Cruz Ted Getty Image August 2013
U.S. Sen. Ted Cruz, R-Texas. Getty Images

Sen. Ted Cruz, R-Texas, began the process of renouncing his Canadian citizenship, a move some experts take as an indication that Cruz will make a 2016 presidential run. By renouncing it, Cruz may be trying to get ahead of any fallout that could come with having dual citizenship.

In an interview with the Dallas Morning News, the freshman Republican senator announced on Saturday that he has hired a legal team to get the renunciation process started.

“I have retained counsel that is preparing the paperwork to renounce the citizenship,” Cruz told the paper. The process is expected to wrap up next year.

Cruz might have learned that he was in fact Canadian when he released his birth certificate to the Dallas paper in August. The senator said his mother told him when he was younger that he could choose to claim Canadian citizenship if he ever wanted to. However, Cruz said he never took affirmative steps to claim Canadian citizenship, and the Tea Party Republican promised he would renounce his Canadian citizenship altogether.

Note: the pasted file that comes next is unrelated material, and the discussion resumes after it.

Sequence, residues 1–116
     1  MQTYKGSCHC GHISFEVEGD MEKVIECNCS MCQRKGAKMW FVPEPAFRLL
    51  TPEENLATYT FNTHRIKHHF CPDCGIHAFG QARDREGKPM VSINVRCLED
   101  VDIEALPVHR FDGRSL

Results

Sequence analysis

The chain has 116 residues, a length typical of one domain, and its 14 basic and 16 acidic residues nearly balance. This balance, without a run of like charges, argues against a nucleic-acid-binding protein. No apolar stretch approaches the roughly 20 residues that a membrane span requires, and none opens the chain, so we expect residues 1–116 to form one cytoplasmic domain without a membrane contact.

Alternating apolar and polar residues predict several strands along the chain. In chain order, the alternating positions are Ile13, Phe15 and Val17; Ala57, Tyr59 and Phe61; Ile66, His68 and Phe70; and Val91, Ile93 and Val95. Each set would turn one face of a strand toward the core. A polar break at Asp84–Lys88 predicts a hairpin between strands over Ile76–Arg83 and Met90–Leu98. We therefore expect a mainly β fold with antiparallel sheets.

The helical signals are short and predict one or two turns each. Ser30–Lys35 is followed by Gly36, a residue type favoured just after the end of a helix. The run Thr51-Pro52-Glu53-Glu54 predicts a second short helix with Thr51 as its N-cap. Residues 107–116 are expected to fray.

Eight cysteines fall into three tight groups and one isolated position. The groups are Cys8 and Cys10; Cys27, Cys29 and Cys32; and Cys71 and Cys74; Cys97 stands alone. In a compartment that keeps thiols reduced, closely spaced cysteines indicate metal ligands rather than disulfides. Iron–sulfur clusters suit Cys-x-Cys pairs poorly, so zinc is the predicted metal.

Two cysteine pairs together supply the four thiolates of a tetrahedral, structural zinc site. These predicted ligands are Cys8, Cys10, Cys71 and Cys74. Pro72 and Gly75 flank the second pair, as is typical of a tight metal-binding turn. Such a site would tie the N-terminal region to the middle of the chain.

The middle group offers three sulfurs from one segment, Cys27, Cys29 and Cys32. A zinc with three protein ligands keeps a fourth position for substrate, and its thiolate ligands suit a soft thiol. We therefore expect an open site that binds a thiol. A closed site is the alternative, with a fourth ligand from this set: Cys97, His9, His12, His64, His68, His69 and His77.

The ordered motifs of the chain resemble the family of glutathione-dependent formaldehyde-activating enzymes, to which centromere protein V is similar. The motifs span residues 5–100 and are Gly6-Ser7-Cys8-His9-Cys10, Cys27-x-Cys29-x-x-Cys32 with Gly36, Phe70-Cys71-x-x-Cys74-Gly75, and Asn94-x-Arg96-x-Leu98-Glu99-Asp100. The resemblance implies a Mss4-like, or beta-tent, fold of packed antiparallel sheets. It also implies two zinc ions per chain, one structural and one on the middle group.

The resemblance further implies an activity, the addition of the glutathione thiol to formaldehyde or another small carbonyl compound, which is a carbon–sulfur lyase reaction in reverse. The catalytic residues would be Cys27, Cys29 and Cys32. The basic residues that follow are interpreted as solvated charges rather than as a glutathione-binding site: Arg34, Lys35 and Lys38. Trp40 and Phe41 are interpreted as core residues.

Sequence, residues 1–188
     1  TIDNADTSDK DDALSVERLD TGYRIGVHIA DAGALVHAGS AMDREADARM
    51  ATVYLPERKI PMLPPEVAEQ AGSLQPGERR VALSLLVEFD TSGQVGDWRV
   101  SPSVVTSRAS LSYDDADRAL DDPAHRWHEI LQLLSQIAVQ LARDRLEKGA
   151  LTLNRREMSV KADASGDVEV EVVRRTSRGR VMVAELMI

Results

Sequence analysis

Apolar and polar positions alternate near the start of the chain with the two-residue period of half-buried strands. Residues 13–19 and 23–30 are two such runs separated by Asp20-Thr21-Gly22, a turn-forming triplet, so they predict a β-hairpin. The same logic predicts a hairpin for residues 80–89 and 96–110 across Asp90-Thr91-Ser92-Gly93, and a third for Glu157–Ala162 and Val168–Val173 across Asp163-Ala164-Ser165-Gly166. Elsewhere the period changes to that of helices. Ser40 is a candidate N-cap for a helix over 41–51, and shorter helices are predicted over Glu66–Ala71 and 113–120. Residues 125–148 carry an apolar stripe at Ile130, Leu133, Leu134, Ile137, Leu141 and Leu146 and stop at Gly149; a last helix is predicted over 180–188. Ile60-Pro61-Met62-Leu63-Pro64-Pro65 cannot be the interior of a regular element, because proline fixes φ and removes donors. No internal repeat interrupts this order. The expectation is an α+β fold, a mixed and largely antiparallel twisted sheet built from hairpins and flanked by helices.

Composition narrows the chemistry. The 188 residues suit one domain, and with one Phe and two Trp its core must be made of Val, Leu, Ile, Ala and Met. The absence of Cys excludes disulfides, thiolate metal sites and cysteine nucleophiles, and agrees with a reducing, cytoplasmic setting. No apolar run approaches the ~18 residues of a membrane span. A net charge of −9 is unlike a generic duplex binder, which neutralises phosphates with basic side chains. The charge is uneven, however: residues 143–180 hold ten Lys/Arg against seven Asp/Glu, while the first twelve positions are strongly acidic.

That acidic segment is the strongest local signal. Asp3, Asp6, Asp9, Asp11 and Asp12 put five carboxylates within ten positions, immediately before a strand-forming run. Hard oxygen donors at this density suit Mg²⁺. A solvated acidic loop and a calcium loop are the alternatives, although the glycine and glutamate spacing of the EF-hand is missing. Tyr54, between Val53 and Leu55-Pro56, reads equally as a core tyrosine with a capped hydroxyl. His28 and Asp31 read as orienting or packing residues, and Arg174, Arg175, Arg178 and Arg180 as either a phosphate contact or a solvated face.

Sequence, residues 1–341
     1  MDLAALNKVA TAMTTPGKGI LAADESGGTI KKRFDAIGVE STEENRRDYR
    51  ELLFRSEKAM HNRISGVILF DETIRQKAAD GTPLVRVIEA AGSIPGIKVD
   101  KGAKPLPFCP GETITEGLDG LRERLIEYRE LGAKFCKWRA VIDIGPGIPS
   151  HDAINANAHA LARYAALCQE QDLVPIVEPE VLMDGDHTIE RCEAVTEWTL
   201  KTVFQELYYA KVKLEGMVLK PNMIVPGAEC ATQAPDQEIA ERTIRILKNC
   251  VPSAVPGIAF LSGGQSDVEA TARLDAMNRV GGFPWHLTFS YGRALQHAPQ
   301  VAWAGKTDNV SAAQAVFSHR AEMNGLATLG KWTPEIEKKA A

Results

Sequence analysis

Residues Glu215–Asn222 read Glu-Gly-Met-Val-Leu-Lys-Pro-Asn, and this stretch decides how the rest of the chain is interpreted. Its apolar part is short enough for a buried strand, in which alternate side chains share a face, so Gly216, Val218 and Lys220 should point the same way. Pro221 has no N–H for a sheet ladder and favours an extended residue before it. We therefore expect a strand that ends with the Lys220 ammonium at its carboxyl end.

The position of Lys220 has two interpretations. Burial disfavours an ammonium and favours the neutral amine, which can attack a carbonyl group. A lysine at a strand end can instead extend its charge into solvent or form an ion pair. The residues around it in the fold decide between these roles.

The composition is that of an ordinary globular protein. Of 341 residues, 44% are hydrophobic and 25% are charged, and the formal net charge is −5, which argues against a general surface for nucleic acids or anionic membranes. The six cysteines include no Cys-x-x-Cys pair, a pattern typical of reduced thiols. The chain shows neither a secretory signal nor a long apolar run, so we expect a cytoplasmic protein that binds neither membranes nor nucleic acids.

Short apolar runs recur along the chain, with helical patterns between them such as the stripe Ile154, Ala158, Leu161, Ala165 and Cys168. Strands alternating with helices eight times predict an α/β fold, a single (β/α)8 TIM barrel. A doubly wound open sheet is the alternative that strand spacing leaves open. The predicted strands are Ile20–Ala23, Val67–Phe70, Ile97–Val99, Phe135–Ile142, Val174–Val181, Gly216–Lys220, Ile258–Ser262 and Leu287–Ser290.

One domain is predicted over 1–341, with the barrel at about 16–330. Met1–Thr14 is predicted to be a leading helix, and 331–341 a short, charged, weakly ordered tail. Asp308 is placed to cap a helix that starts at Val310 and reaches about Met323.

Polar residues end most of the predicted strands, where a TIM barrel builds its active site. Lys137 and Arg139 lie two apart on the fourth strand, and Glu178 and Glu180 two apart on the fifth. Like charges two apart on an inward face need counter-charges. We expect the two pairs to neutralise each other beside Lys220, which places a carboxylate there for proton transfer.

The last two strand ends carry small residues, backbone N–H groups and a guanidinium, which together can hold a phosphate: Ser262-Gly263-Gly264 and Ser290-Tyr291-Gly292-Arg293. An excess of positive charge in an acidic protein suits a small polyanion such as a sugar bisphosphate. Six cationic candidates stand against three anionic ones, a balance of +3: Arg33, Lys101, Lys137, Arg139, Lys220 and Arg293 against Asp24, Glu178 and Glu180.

Cruz, 43, was born in Calgary, Canada, to an American mother. He told the Dallas Morning News that he doesn’t dispute having both nationalities. “Not at this point.”

The United States Constitution doesn't prevent someone with dual citizenship from running for president. What it does say is: “No person except a natural-born Citizen, or a Citizen of the United States, at the time of the Adoption of this Constitution, shall be eligible to the Office of President.”

America’s supreme legal document doesn’t define what it means to be “natural born.”

Cruz is rumored to be a presidential candidate in 2016, although he told the paper, “My political perspective is focused on representing the state of Texas.”

Republican Strategist Ron Bonjean said a move like this from Cruz shows he is getting ready to run for president.

“He wants to make sure that this issue does not come up during a presidential primary where his loyalty to the United States could be question,” Bonjean said. “He doesn’t want to be subject to attacks about where he was actually born or comes from. Frankly, [it’s] a wise idea to get ahead of it if it’s going to likely be an issue.”

The paper said the issue of Cruz’s citizenship came up last month when he met real estate tycoon and “birther” drum-beater Donald Trump, who has championed the theory that President Barack Obama wasn’t born in America. In fact, Obama was born in Hawaii.

“It is going to likely to be an issue in the next Republican primary unless [Cruz] takes care of it now or gets ahead,” Bonjean said. “It might be brought up, but he’ll have something to say about it.”